Despite the widely acknowledged techniques of killing a bloodsucker having stayed the same since the beginning of vampires in film, their portrayal has not. With the final installment of The Twilight Saga soon to be upon us, I have taken a look at how the form of the vampire has changed, in more ways than just into mist and bat.
Nosferatu (1922) set an early tone for the true nature of the vampire. Looking back, it is clear that Max Schreck’s performance as Count Orlok heavily influenced many films that followed. The hideousness of his creature clearly suggested that this was indeed a demon of the night and one to be feared.The problem for F.W. Murnau was that his silent production followed Bram Stoker’s Dracula. In light of this, Murnau instigated a legal attack from Stoker’s widow for copyright infringement, an attack which saw the destruction of all but a few copies of the film. Like any strong vampire though (and with the help of devotees), Nosferatu rose again after being restored in 1994. Aside from the prosthetics, which are later echoed by Salem’s Lot (1979), the ultimate destruction of Count Orlok involving sunlight was a first and subsequently became an accepted death in vampiric lore.
In 1931, Bela Lugosi transformed the way that the world would see vampires. His performance as Count Dracula, with his Hungarian accent and flowing movement, became the common theme among many impersonations both on screen and off. Despite having only played the role twice, Lugosi’s representation of the Prince of Darkness remains a popular choice for many when assuming the guise (including myself at several fancy-dress parties!)
During the ’70s, the vampire movie began to mutate from out-and-out horror into more explanatory stories of the biology of vampirism and how it came about. Will Smith starred in I Am Legend in 2007, which had already been made twice before; in 1964’s Last Man on Earth and the 1971 production of The Omega, all of which concentrated on how the vampiric effect took hold.Salem’s Lot, in 1979, reverted back to the original idea of a vampire being a hunter only, with only one thing in mind: feeding! The form of the beast in this movie was clearly influenced by the Count Orlok figure portrayed by Max Schreck, a terrifying departure from the less-worrying Hammer efforts.
Several vampire films arrived in the ’80s and would go on to be considered classics in their own rights. Fright Night (1985) maintained the scarier, bloodthirsty creature but the element of an alter-ego came into play. To many, Jerry Dandridge (played by Chris Sarandon) was your average man on the street, but by night it was clear for his neighbor, Charley Brewster (played by William Ragsdale), that he was something different altogether. Near Dark (1987) brought the idea of family and association to vampire movies as it tells the story of a group of travelling vampires. Furthering this idea of a collective of the species living together, The Lost Boys (1987) brought a lighter hearted theme to what was once a pure horror genre.The theme, now, was predominantly that of comedy horror, where the vampire was almost a comical figure, rather than the most feared of all the demonic beasts. Vampire’s Kiss (1988), Fright Night 2 (also 1988 and a poorer sequel) and Once Bitten (1985) are all good examples of this. Even Vamp (1986), with the incredible Grace Jones, had a distinct comedy element, though dark in places.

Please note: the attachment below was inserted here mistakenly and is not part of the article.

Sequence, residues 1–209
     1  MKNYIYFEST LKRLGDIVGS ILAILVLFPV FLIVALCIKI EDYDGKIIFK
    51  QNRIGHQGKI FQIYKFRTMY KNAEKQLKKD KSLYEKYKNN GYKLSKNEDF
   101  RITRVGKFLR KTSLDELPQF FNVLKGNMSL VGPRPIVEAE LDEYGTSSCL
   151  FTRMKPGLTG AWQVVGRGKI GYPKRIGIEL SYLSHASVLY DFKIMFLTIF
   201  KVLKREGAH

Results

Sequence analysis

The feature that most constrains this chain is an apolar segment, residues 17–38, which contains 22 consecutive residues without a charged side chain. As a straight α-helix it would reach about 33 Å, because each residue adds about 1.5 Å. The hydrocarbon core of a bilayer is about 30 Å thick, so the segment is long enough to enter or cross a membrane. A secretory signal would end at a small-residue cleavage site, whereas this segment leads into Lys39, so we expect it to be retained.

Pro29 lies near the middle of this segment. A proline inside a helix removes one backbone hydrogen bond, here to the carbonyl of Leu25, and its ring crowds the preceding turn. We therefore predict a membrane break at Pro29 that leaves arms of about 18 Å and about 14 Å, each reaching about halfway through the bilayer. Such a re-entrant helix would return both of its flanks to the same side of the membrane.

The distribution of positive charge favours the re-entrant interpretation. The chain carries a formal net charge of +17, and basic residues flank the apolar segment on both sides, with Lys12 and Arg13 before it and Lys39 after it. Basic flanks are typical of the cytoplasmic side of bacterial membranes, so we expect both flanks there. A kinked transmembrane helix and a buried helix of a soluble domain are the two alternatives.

To a certain degree, the ’90s took vampire films just about as far away from Bram Stoker’s Dracula and Count Orlok as possible. Francis Ford Coppola’s presentation of Stoker’s Dracula was very faithful to the author’s vision, with many citing it as a true representation. This was an anomaly though as Interview with the Vampire (1994) told the life story of the vampire Lestat, based on the excellent Anne Rice novel set in the deep south, a feature repeated in the TV series True Blood.In 1998, the vampire became the hero when Wesley Snipes became Blade, a half human, half vampire champion whose purpose in life was to avenge his mother’s death caused, of course, by vampires. During this period, TV shows also embraced this heroic nature of vampires. Two of the most notable examples would be Buffy and its spin-off, Angel, depicting vampire characters saving the day (and the world) on many occasions.
More recently, vampires have become accepted members of society and are no longer thought of as myth in movies. The Twilight Saga needs no introduction. The final part of the story is fast approaching and what happens to the vampire in cinema afterwards is anyone’s guess. The driving of a stake through the heart, the removal of the head, direct exposure to sunlight and, recently, UV light remain the methods of death. Some look more spectacular and, if possible, realistic. In particular, the bursting into flames seems more plausible than that of the “sparkles” associated with the vampires in the Twilight movies.
One thing is certain though, vampires used to be pure evil, blood-thirsty animals. They were feared by all and Dracula was the first and most fearsome of them all. Now, they are not scary. They seek to become respected members of society. It is time for the mist to flow through the gaps in the floorboards. It is time for the bat to fly in through the open window and into the house without an invite. It is time for the cape to draw around the victim and for Dracula to have his fill from the throat of another victim once again, and for the blood curdling scream to scare us once again, as it used to.
*Written by JP Wooding
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